Andy Price has brought joy to licensed comics. His work on IDW’s My Little Pony: Friendship is Magic necessarily follows the established look of the animated TV series, but Price's playfulness and skill enliven every page: imaginative lettering, dramatically lit villains, too many background gags to count. The most recently completed arc of the series, 'Reflections,' encompasses an alternate universe, doomed love, some truly intense crosshatching, and a general willingness to play with the characters in a way licensed comics typically avoid.
Along with writer Katie Cook, Price has developed Hasbro’s land of pastel ponies into something a little wilder and a little weirder, yet ensured that it remains enormously compelling to kids and adults alike. ComicsAlliance sat down with Price at San Diego Comic-Con to discuss how he and Cook pulled this off, his thoughts on Brony fandom, and, of course, his pick for best pony.
Just in case you're not up to speed on classic newspaper strips, Winsor McKay's Little Nemo is one of the most innovative comics of the 20th century. Originally running in newspapers from 1905 to 1926, it was arguably one of the first real masterpieces of the form, with McKay's surreal dreamscapes taking the form of beautiful imagery and page layouts that creators are still trying to recreate today.
Now, Nemo is returning to the comics page in Return To Slumberland. Not to be confused with the forthcoming Dream Another Dream anthology, this new series from Eric Shanower, Gabriel Rodriguez and Nelson Daniel launches this week from IDW Publishing, and it is beautiful. Seriously, just hands down one of the prettiest comics I've seen in a long time, and even though the first few pages don't quite get into the strangeness of walking beds and stair-step city skylines, I get the feeling that all of that stuff shows up right where the preview ends.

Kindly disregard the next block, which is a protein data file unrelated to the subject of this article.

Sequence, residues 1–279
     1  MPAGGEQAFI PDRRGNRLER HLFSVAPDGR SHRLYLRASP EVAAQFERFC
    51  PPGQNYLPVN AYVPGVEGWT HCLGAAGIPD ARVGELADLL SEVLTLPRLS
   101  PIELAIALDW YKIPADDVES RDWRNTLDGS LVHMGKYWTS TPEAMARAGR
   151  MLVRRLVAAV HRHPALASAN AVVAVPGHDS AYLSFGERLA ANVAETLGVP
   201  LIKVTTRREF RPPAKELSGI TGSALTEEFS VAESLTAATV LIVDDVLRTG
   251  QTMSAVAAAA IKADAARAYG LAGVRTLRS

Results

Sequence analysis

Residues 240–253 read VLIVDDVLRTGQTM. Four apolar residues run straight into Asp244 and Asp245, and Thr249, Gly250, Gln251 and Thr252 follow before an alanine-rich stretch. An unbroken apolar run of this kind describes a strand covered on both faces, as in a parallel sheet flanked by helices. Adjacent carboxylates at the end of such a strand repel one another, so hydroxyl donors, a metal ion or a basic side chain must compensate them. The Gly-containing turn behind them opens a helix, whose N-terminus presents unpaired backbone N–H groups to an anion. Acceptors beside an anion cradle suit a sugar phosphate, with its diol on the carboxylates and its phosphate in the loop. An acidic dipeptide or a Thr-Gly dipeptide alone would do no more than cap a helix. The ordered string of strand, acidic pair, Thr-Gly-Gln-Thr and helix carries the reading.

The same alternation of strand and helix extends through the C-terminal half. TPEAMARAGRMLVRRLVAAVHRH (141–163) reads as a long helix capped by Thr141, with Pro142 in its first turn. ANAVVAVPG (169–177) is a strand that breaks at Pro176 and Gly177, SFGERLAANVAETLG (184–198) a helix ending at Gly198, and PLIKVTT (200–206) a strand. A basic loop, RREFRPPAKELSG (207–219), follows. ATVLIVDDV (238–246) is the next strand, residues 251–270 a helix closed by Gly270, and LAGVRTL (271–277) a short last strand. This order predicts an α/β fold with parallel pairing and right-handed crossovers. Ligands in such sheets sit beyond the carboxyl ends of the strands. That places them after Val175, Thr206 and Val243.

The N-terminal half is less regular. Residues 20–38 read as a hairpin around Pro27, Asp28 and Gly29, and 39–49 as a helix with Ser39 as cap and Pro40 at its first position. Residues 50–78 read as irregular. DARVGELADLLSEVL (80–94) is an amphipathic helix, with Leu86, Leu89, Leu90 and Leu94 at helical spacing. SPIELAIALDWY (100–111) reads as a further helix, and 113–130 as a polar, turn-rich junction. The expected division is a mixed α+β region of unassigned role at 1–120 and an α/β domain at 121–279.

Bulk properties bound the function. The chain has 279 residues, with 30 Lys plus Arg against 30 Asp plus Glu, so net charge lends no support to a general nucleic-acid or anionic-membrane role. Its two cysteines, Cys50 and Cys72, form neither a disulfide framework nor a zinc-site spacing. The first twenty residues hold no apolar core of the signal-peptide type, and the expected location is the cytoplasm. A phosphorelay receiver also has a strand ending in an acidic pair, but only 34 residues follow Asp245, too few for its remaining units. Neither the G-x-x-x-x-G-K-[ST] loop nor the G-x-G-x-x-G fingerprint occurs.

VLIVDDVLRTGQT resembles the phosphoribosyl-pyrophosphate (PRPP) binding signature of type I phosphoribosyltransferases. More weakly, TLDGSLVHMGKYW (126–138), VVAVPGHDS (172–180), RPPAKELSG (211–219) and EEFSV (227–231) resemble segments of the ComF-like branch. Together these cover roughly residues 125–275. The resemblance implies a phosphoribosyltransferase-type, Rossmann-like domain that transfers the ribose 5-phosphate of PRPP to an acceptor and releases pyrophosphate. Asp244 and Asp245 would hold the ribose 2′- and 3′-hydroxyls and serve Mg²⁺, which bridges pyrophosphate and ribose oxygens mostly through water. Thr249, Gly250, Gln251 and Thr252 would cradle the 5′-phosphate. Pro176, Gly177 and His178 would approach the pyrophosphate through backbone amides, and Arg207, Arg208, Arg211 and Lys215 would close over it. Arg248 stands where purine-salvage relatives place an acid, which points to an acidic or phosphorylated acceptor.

I'm going to go out on a limb here and guess that you, the discerning ComicsAlliance reader, like to get good comics without paying a lot of money for them. That's a pretty safe bet, right? I mean, who doesn't like getting comics on the cheap, especially when they're critically acclaimed titles -- specifically, titles that have been critically acclaimed by us, America's Most Beloved Comics Reviewers?
That's why we're keeping an eye on the sales over at Comixology to help you find the best comics that you can grab on the cheap, and spend your weekend with some great stories. This week: Ed Brubaker and Sean Phillips' Fatale and IDW's line of Judge Dredd titles!